Exhibition: Schöne Neue Welt | Laurent Impeduglia & Kottie Paloma © Bongoût Gallery

Meeloo is French, but spent his childhood in Berlin, while Anna is Swedish. They met in 2001 and spent one year and a half in Bordeaux but didn’t like it so much, so they came back here. And they love it. Meeloo came up with the Bongoût concept in 1995, publishing small books. When the duet started working together, they were more focused on silkscreen books publishing and graphic design for bands, like posters and record covers. They made a bit of money with that and in 2004 they published a series of books presenting different shields of art. The idea was to build a bridge between contemporary art and graphic design. So Bongoût is basically two companies, one focuses on silkscreen books and graphic design, the other being the gallery itself. The whole being a fusion of ideas and collaborations.

© Bongoût Artists Book editions

To them, Berlin has changed, it’s still cheap but not as it was before, and the Berliner dream is quite over. If you want to succeed here, you need to involve yourself, speak german, work with german people. Connect with people living here. It is indeed a hard city, so you need to export yourself. More than half of the work they are doing is demanded by Americans, Asians or Europeans companies, except the posters that are requested by some berliners. Most of the jobs come from Frankfurt, New-York, Paris… When berliners show up, it’s always starting with “we don’t have money”… You got it. They see Berlin as a metropole, like all the big ones with its multicultural component, the positive side of Berlin is that you can start from the scratch, and build a project with a small amount of money. Though, it has to be solid, or you will end up leaving the town quite quickly, cos living of your art, even here, is definitely not easy. When you ask them if there is an “art scene in Berlin”, they will answer by the negative, they don’t believe there is an art scene in a city, it is more a marketing concept. There is not such thing like a Berlin school, or art movement. They are all coming from different places and they are mixing those information with what they found in town. Therefore, they express it with different languages and feelings so it cannot be one voice for all of that.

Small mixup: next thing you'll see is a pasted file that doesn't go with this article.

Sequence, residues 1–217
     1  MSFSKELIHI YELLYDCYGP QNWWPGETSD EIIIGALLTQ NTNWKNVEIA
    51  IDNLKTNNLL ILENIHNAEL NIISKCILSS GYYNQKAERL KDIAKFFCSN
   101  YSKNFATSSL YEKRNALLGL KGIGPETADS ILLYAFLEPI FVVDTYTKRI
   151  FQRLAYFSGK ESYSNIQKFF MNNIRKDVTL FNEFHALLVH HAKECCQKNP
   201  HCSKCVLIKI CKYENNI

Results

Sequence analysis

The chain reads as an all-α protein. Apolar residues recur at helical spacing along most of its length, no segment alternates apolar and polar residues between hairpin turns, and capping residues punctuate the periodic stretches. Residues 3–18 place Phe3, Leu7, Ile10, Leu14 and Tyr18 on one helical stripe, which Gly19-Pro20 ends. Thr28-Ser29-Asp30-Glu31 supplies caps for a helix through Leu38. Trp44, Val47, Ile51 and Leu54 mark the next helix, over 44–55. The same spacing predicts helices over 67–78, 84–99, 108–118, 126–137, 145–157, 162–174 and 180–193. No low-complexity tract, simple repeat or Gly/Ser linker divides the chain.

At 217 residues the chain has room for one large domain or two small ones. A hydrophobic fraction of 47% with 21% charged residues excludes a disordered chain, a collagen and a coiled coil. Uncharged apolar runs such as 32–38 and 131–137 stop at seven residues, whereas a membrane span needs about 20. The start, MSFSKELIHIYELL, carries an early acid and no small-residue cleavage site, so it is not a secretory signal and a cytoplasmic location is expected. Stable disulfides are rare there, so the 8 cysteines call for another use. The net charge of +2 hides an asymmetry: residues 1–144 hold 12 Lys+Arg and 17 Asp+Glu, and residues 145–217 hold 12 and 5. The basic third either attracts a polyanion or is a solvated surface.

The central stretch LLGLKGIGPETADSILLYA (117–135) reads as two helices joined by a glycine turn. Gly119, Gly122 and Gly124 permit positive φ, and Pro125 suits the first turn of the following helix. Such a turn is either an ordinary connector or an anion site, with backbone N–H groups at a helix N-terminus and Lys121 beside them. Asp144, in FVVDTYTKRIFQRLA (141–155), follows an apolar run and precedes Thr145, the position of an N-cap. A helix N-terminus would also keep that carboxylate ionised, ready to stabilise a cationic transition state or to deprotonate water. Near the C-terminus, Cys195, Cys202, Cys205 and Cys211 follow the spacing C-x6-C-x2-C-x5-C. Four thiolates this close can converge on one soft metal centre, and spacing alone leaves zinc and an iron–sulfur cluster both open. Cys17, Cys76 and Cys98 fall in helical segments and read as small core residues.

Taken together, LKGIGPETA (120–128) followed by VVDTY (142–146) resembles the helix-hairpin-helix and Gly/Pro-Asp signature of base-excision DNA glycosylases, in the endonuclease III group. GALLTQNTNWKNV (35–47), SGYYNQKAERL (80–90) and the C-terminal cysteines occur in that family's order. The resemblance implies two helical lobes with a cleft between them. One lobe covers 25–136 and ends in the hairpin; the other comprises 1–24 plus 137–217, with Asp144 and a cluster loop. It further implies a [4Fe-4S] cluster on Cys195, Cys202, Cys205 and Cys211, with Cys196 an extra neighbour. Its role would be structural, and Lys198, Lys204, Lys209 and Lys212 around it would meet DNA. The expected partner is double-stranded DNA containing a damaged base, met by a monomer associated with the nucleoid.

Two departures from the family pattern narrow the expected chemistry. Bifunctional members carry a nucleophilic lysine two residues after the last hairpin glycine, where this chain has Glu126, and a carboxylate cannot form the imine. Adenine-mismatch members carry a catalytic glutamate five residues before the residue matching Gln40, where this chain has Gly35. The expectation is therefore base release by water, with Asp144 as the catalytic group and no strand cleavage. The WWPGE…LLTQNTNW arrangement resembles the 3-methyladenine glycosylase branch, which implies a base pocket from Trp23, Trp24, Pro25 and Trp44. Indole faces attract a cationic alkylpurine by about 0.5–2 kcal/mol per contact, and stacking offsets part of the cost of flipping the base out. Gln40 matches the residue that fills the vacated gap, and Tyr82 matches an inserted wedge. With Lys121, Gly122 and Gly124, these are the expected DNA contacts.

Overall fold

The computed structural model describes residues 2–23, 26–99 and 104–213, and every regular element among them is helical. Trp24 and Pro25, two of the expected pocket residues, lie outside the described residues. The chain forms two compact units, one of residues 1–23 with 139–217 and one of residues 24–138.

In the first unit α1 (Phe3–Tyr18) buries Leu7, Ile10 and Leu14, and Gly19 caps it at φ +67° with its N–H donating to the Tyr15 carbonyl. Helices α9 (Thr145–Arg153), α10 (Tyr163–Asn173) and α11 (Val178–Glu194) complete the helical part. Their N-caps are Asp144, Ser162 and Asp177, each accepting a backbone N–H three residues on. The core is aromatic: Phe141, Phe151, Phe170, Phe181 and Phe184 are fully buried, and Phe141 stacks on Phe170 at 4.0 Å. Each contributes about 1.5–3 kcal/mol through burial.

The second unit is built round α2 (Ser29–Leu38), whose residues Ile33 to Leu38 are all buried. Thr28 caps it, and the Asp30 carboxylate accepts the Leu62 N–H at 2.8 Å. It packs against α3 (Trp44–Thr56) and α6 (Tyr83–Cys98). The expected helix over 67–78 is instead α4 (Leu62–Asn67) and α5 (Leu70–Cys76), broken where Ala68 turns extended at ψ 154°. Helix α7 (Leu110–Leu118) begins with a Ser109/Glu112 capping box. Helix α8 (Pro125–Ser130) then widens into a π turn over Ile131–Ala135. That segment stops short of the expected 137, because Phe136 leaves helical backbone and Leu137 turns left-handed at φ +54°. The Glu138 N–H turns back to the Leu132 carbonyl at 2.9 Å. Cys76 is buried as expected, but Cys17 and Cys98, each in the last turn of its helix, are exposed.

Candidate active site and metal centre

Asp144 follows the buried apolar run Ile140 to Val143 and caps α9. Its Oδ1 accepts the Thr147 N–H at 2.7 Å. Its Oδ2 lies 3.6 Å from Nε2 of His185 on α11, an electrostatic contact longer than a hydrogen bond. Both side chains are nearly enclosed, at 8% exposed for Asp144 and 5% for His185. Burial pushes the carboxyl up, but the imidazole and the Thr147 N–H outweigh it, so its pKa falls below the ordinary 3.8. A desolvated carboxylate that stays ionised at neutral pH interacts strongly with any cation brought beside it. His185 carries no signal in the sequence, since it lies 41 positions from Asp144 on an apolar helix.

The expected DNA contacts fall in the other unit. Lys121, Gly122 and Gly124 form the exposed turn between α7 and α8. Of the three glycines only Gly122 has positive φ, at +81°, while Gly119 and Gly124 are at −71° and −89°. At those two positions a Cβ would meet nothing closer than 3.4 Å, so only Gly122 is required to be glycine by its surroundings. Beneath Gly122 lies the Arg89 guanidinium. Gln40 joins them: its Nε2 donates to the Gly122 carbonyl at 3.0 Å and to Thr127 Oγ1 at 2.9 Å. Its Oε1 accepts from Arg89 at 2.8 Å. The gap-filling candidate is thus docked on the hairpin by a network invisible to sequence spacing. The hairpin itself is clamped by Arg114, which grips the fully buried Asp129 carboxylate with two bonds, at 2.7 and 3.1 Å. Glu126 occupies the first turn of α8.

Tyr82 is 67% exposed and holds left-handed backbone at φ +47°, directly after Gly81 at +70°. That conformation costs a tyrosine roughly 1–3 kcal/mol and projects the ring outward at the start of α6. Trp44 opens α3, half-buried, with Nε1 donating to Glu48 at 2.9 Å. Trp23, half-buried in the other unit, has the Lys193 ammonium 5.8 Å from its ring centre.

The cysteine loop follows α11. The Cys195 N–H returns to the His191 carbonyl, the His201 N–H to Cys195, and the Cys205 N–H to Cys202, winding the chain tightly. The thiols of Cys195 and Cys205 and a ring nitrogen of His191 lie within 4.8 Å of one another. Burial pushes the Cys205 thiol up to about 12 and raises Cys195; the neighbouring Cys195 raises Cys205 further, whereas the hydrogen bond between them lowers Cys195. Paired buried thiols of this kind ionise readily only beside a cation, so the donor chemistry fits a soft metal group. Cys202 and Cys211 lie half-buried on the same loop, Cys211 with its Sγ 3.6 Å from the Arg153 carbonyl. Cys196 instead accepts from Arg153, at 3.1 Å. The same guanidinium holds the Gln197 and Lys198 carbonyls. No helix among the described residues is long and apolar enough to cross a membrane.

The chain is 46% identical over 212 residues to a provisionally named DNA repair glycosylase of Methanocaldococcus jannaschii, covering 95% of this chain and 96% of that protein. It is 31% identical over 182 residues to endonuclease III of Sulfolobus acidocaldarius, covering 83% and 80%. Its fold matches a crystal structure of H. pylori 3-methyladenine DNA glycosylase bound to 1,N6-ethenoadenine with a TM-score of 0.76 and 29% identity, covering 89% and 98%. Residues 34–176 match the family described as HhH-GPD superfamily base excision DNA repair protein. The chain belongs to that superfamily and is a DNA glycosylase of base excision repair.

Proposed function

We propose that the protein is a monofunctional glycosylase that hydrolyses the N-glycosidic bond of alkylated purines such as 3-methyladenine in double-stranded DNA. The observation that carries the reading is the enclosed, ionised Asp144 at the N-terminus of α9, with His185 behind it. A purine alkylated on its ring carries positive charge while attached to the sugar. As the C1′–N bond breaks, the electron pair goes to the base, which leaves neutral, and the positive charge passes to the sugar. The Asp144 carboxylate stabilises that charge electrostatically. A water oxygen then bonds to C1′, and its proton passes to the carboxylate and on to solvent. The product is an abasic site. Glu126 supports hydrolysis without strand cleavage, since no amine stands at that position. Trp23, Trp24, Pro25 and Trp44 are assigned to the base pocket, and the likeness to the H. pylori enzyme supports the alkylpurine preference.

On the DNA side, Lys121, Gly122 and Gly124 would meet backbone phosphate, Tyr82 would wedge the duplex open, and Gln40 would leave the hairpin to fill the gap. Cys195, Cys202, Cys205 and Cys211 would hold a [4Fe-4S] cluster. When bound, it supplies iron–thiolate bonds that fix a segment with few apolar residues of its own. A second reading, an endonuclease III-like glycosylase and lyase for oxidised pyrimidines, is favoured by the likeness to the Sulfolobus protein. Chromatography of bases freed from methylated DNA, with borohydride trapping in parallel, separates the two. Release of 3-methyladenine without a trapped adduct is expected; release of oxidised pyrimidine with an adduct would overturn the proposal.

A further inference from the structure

© Walid Abdellaoui

Meeloo and Anna don’t like to do the same thing twice. It’s important for them to not repeat themselves. The frame of Bongoût is not a movement, or a style but what influences its owners, what they do like, and what they want to share via the gallery. That is why this is not a “regular” art gallery, cos their interests go from illustration, photography, abstract painting, video to underground cinema or music. That’s why some people can be lost and miss the point or the connection to what they see in Bongoût exhibitions. It’s a mix of arts, like you can find it in their Mollusk books. A bunch of things, that represent separately their own pieces of art, where the purpose is the aim and the combination the whole. What matters to them is that the body of work they do makes sense, speaks for itself, rather than having a “style”. The aim of Bongoût  is to be complete and free and not to follow the same lines over and over. They are not structured like a formal gallery with a strict agenda. They don’t dig the market to be the new hipsters, they just do what they love and you can feel it all over the place. Bongoût is 15 years old in two months. Alles Gute zum Geburtstag BonGoût!